Corruption And The Nigerian Police


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October 3, 2007 - December 2, 2007



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Corruption And The Nigerian Police



Moses Ihonde



culled from GUARDIAN, August 9, 2006



Today it is banal to observe that corruption is the bane of the Nigerian society. What seems more appropriate to declare is that it looks more like a way of life and evil is accepted by many as the norm. Until the Obasanjo administration, successive governments talked a lot about ridding the nation of corruption but were very short on performance. What President Obasanjo has brought to bear is courage in tackling some, not all of the problem. The pity is that he stopped short of waging a thorough war.

How history will judge him will depend largely on how selflessly he responds to the morass into which the nation further fell in spite of his seeming relentless campaign against corruption in the remaining months of his tenure. The saving grace is that Obasanjo is a wise man who, I pray, will not let down those ready to swear by him. May history not see his effort in this matter as self-serving.

The dismissal, trial and conviction of the erstwhile police boss, Alhaji Tafa Balogun is one of the outstanding testimonies of the determination of the Obasanjo administration to deal with corruption and corrupt practices. There were speculations that the dismissed IG would spill the beans if he was brought to trial. Indeed owing to the ignoble role the Nigeria Police played during the 2003 elections in full view of the public, it was generally believed that spilling the beans was an event that was waiting to happen. But Tafa Balogun was tried and convicted and nothing happened. Instead, Tafa Balogun engaged in plea bargaining which resulted in the mitigation of punishment for his wrong doing. I hope the prison afforded him the opportunity to reflect on the great harm his malfeasance did to the Force he presided over, and to the nation at large.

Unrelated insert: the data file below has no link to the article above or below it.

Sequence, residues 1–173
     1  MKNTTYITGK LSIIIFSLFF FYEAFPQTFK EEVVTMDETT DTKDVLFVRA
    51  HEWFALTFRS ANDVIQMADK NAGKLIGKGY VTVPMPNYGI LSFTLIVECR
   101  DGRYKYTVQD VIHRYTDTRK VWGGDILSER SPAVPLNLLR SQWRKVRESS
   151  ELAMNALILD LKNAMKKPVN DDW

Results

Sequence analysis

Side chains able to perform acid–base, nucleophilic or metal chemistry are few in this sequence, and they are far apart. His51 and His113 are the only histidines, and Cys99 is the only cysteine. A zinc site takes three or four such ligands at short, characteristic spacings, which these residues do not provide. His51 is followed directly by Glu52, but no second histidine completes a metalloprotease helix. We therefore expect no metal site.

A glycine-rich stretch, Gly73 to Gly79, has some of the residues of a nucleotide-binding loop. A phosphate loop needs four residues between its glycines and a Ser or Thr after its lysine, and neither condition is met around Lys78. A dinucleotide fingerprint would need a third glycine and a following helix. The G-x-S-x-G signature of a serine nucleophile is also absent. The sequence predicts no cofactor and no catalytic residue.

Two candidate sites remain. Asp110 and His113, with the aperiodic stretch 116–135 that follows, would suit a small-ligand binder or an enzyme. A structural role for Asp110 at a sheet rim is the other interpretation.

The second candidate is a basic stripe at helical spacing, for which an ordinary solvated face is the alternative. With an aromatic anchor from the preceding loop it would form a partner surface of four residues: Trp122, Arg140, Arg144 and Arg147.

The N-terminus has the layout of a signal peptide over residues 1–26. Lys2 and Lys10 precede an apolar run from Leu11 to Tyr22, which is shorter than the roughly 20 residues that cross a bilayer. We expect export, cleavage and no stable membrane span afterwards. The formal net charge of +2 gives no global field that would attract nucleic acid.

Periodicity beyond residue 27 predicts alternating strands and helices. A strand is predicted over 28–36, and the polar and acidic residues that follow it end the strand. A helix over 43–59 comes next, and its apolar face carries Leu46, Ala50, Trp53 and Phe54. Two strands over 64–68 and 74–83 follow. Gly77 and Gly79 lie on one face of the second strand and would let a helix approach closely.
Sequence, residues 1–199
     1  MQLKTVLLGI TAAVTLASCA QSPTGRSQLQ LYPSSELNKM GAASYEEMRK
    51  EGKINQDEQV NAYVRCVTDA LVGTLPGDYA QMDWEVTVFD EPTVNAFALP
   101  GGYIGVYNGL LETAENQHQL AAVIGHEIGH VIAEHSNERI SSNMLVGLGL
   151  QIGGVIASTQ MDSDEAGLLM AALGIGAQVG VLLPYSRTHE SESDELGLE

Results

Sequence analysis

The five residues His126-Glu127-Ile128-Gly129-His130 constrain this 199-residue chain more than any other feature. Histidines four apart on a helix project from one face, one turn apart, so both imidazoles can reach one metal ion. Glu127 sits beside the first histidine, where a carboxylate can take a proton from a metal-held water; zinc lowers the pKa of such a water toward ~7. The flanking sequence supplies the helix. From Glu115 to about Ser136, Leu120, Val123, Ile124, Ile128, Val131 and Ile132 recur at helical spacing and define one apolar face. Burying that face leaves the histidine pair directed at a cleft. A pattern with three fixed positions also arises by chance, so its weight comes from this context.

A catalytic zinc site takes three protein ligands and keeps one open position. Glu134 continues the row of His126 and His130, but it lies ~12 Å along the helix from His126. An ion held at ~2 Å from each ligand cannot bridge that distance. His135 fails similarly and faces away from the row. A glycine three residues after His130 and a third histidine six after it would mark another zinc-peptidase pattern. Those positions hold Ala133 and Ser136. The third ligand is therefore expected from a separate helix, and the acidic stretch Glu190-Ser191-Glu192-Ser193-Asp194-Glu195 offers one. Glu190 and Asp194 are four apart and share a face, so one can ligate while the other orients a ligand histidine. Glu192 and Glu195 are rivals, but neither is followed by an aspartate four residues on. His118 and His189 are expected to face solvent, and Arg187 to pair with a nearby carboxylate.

Ordinarily, bringing the Inspector General of the Nigeria Police to book would have had the effect of putting fear in the mind of public functionaries particularly the rank and file in the Police Force; but this was not the case. The one fact that stands out to all careful observers in all of this is that corruption has become so ingrained in the psyche of the average Nigerian that it appears we have come to the state in the nation in which a great majority of our people accept evil as business as usual.

Shortly after the conviction and imprisonment of Tafa Balogun, I undertook a private survey of its effect on policemen on road blocks between Lagos and Benin. My driver and I counted 37 Police road-blocks on one occasion and in none of them was any remorse or shame shown or felt by the police officers and men I chatted with. I could not say whether the large number of road blocks was part of police reaction to the conviction and imprisonment of the former IG. The corrupt practice of illegal toll collection was carried on like business as usual.

So many months down the line, there has been no mitigation in the depth and degree of corruption on our highways (or more appropriately check points). There are as yet no highways in Nigeria. What used to be expressways have been reduced by our Police operatives to local motor ways. About two years or so after Tafa Balogun was disgraced out of office, I had cause again to investigate and found that the number of check points or road blocks between Lagos and Benin City, Edo State had risen to 47 from the last count of 37, with some road blocks within sight of each other. Ironically, the question policemen ask motorists are the same from one check point to the other.